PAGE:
I think that, as disabled people, sometimes I feel like a Ken Doll, [where] my private parts have been removed. And it’s not typical to see disabled people as sexual beings, which we are. We have agency, we have wants, we have desires, so it really felt incredible to show that on such a larger scale and not only show one disabled person have sex, but multiple. 

Hopefully this will help change the perception of disabled people can’t f*ck, or they don’t have the same desires as able-bodied people because it’s just not true. We are really horny, you heard it from me first! We are so horny. 


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Ha, yes! I’ll quote that. The episode showed two different kinds of sex scenes between both of the disabled characters. We have Julian hooking up with Leo (played by Nyle DiMarco) and then we have Marvin, who has this really tender, romantic sex scene with Ali (Sachin Bhatt), who is able-bodied. 

I really wanted above all, to draw parallels between Marvin and Julian, because, although they are two disabled characters, they don’t really connect. I thought this would be a great episode to explain why.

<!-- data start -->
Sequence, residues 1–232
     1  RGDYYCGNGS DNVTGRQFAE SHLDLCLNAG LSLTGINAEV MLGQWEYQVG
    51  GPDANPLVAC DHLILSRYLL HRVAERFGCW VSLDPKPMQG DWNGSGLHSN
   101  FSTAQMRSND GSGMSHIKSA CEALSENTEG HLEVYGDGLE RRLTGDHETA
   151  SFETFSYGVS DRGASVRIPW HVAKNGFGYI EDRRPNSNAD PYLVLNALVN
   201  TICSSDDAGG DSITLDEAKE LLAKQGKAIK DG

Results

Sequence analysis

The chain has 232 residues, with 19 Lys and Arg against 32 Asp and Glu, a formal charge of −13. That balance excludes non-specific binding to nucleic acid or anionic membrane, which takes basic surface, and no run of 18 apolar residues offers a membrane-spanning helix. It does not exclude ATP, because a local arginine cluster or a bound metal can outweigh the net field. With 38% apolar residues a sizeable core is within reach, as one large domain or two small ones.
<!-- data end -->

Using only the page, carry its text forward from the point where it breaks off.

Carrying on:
Marvin is different but he also relates to Julian when he says, “How can his heart be accessible when the world around him isn’t?” Really what we’re drawing here is a comparison between Marvin and Julian. 

Both of them are letting their guard down to have sex with these people. And I think as disabled people, I can only speak for myself, but I do think there are certain walls you have up and skepticism around romance and desire, so that felt very real to me. Showing the common thread between Marvin and Julian’s experience through having sex with Ali and Leo was really, really important to me. 

I love that. 

You know me, gay disabled sex has always been my muse. I always want to portray it in a really accurate way. What I like about these sex scenes in Queer as Folk is that they’re just hot. The ones in Special almost felt like a documentary, they were so raw and real, and I think sometimes they could be sexy, but mostly not. The sex scene with Nyle [in QAF] is just hot and the sex scene Marvin has with Ali is emotional, but it’s also hot. I just love that the Queer as Folk sex scenes [can be] a lot things, but they don’t ever sacrifice the hotness.  

Me too, and the fact that you guys just went there. There wasn’t any kind of Call Me By Your Name cutaway scene. 

Nooo! No tree, no panning away to the tree.

Which, thank you for that!